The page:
The trend will be compounded by domestic demographic pressures. In both the US and the UK, the number of people in their late teenage years preparing to enter university is currently in decline. For those in lower income families, fresh economic hardship could potentially reverse recent progress in improving access to higher education.
Income from other sources is also under threat. Many UK universities are facing demands for fee reductions from students frustrated at the loss of face-to-face teaching since the outbreak of the pandemic. They are losing revenue from accommodation, conferences and training programmes, as well as investment income for those few with endowments.
Moody’s, the credit rating agency, downgraded its outlook for US public universities to “negative”. It warned in April that funding to US public universities — which receive about a quarter of their income from state legislatures — was particularly vulnerable as tax revenues fell.
“Public universities are at greater risk of lower funding from the government than their international peers, with state funding accounting for approximately 25 per cent of revenues,” it said. “Pressures may lead to cuts in university funding as states direct resources towards more essential services, such as healthcare.”
Rebecca Winthrop, from the Brookings Institution think-tank in the US, says: “If this doesn’t cause a shake-up [in education], I’m not sure what will. I don’t know if it will be a temporary bump, but 2020 will have a big impact. There is a huge question about what the [US] federal government will do to prop up higher education.”
Alongside tuition, the funding squeeze is affecting higher education’s other core function: research, the reputation of which is central to the international rankings which in turn help attract students and academics alike. With both domestic student tuition fees and research funding below many institutions’ operating costs, international student fees have provided a cross-subsidy that is now under threat.
Alice Gast, president of Imperial College London, which has been on the forefront of modelling the effects of the virus, says governments need to stop relying on other income such as international student fees to underwrite the full costs of important academic work.
“We need as a society to support research. This crisis has made that very clear,” she says. “It will cause us to reflect on how we support research and make sure we are not relying on cross subsidies.”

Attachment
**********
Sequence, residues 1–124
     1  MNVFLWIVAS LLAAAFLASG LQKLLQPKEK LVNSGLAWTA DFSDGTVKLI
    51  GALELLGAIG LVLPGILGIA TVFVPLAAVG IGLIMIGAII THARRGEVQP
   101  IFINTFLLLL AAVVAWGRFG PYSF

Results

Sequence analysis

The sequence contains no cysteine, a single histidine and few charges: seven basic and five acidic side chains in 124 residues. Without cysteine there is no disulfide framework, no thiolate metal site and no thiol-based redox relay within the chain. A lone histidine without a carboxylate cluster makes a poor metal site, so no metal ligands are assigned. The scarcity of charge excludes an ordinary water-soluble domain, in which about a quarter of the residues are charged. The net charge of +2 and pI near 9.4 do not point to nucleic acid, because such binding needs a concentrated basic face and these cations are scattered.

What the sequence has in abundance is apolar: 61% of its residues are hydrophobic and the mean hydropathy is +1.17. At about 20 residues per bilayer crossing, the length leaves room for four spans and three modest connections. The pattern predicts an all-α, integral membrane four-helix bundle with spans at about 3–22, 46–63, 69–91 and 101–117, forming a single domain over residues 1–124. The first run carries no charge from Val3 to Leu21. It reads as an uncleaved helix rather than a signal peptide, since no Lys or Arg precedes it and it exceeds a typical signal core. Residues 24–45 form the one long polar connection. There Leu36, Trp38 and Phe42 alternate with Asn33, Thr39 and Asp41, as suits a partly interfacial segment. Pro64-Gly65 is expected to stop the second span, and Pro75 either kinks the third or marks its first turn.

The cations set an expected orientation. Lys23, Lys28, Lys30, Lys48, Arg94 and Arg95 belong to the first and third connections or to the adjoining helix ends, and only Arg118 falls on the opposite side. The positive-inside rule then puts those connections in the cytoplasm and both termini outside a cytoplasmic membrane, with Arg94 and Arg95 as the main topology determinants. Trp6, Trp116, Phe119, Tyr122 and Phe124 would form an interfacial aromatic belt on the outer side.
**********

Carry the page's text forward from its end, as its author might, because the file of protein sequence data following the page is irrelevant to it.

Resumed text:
UKRI, the UK’s main official research funder, has extended project deadlines by six months, offering a short-term lifeline to many postgraduate researchers. Less certain is how far the government will be able and willing to meet its more ambitious pledges to step up support for research and development, in part to compensate for withdrawing after Brexit from the EU’s planned €94bn Horizon Europe fund for scientific research.
Other income sources have also been undermined. Leszek Borysiewicz, chairman of Cancer Research, the UK charity, says his organisation has so far trimmed £43m from its budget this year as a result of coronavirus, and that other charities supporting academic research will suffer, whether from falls in investment income or donations from fundraising campaigns.
Amid the gloom, Peter Mathieson, vice-chancellor of Edinburgh University, points to fresh recognition of the importance of higher education. “The extent to which our governments have been listening to expert scientific advice is very welcome,” he says. “It has become very evident how universities are contributing to the response with extraordinary research and at incredible speed.”
He cites colleagues at Edinburgh working on Covid-19-related drug research and clinical practice. Other universities have donated protective equipment, launched virus testing units and set up overflow treatment centres for the National Health Service.
It will not just be the shape of the institutions that changes due to the pandemic but also the content of higher education, says Leon Botstein, president of Bard College — a liberal arts institution in New York. He argues that the transformations brought about by coronavirus could increase demand for higher education in general and for both the humanities and applied subjects such as healthcare.
“The problem is much more than a financial collapse. It’s a cultural shock about what kind of community we live in. There is a recognition that education is wealth creating, not a welfare giveaway,” he says.
For David Van Zandt, president of the New School in New York, as for many of his peers, the concern is whether domestic and international students return for the next academic year.
“For most places, next Fall is the make or break. We don’t know if it will be back to business as usual or we’ll be partially open. But the virus is an accelerator, like gasoline thrown on to burning embers. This is going to bring about a lot of changes in higher education that probably needed to be made.”
Those changes are likely to include cutbacks, mergers and possibly even closures in a sector that has grown so fast in the past few years. But perhaps some universities can take comfort from the legacy of their forebears.
At Cambridge, for instance, interest after the Black Death turned from theology to more applied subjects such as medicine, and the redistribution of wealth led to an increase in endowments and the creation of new colleges.
“Pandemics tend to leave a major mark,” says Sir Leszek, a former vice-chancellor at Cambridge. “People have different imperatives and whole disciplines evolve. But historically when universities have come through, it is because they have adapted to changes in society.”